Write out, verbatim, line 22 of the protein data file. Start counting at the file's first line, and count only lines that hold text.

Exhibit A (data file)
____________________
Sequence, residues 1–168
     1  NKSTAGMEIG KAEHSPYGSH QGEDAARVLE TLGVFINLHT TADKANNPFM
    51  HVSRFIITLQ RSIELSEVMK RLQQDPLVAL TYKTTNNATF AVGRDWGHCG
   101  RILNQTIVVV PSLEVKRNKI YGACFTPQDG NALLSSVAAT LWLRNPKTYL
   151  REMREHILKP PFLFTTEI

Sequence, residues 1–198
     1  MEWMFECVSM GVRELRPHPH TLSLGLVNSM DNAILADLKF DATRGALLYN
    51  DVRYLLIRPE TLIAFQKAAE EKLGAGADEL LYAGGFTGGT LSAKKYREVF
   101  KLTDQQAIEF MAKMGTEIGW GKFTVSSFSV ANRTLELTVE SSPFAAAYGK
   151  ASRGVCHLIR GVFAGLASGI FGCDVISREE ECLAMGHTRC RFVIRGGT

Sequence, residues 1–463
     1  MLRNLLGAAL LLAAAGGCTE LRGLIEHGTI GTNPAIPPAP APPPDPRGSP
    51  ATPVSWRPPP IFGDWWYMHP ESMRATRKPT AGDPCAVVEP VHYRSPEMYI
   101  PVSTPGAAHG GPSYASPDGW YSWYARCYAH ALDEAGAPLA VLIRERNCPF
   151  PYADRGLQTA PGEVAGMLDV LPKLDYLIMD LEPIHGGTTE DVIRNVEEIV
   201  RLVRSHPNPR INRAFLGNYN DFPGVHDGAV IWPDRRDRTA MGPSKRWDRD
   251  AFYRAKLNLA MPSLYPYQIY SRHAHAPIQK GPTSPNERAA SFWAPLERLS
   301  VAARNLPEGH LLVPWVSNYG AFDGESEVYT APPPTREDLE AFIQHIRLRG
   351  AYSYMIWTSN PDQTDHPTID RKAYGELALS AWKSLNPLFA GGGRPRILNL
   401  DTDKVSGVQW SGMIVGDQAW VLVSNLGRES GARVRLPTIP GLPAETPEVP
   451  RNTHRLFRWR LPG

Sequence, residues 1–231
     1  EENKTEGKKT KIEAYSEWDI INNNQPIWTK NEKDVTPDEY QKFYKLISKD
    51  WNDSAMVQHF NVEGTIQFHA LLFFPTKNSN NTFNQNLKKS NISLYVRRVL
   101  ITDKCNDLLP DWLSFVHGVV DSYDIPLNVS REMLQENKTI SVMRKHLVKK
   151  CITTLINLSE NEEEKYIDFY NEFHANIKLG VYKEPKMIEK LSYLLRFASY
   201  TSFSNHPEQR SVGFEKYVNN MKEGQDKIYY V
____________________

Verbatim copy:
Sequence, residues 1–231